* some comment ; ///
because Stata will comment out the three forward slashes at the end and thus end the input to the local macro. Since the contents of the local macro will be one long line, do not attempt to do anything in your SAS code that expects carriage returns like the SAS datalines statement that reads in raw data.
check specifies to generate basic stats for both the SAS and Stata datasets for the user to make sure saswrapper created the files correctly. This is a comparison that should be done after any datafile is converted to any other type of datafile by any software. The SAS file is created in the same directory as the SAS program specified in using or if no program was specified in using then it will be created in the current directory. The file is named starting with the name of the datafile followed by "_SAScheck.lst" (SAS). e.g. "mySASdata_SAScheck.lst"
messy specifies that all the intermediary files created by saswrapper during its operation are not to be deleted. The messy option prevents saswrapper from cleaning up after it has finished. This option is mostly useful for debugging purposes in order to find out where something went wrong. All intermediary files have a name starting with an underscore "_" followed by the process ID and are located in Stata's temp directory.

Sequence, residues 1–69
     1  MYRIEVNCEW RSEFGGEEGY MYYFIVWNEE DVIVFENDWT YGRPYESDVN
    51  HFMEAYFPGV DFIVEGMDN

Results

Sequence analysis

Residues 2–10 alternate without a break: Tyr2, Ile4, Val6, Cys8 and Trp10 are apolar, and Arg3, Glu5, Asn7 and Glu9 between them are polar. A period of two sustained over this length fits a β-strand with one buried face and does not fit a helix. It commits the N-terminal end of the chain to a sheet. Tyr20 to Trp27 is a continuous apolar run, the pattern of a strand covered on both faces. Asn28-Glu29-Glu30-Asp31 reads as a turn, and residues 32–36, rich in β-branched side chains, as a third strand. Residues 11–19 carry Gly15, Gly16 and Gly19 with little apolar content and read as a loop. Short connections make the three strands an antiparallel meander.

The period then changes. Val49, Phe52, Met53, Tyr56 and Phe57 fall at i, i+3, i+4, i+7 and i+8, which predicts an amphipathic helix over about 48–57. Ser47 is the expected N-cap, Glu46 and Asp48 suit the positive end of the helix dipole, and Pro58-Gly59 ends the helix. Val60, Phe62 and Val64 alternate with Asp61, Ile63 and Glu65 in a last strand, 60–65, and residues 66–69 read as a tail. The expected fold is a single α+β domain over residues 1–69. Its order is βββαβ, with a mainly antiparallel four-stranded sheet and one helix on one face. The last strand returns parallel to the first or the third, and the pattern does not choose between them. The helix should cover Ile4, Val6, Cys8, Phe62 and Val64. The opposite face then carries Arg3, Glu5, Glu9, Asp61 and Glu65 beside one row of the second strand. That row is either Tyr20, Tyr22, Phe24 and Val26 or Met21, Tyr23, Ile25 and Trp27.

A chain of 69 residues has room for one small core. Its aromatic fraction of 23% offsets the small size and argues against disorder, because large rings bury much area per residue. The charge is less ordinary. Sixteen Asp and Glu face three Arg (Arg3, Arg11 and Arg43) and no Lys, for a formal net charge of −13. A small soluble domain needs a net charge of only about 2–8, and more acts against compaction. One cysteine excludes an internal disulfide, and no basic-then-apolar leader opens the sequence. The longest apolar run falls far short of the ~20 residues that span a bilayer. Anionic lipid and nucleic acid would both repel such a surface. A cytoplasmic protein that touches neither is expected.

usesas specifies to load the SAS dataset into memory that was most recently created in the SAS WORK library in the SAS program submitted to saswrapper. saswrapper figures out how much memory the SAS dataset will require to be loaded into Stata and sets Stata's memory for you if your memory setting is less than is required.
nodata specifies to override the default behavior of saswrapper which is to save the current dataset in memory to the SAS WORK library. Use this option when your SAS program is not going to use the dataset in memory.
savasas specifies a different dataset name than the name of the dataset in memory. If the dataset in memory does not have a name and the option savasas is not used, then the dataset in memory will be available in SAS's WORK library as "stata_data" (a.k.a. "WORK.STATA_DATA").
Options when saving data to SAS
varlist specifies what selection of variables in the dataset in memory are to be saved to the SAS dataset in the WORK library in the SAS program submitted to saswrapper. If no variables are specified then all variables will be saved the SAS dataset.
if exp subsets the dataset in memory before saving the dataset to the SAS dataset in the WORK library in the SAS program submitted to saswrapper.
in range subsets the dataset in memory before saving the dataset to the SAS dataset in the WORK library in the SAS program submitted to saswrapper.
noformats specifies that no value labels be saved as SAS formats.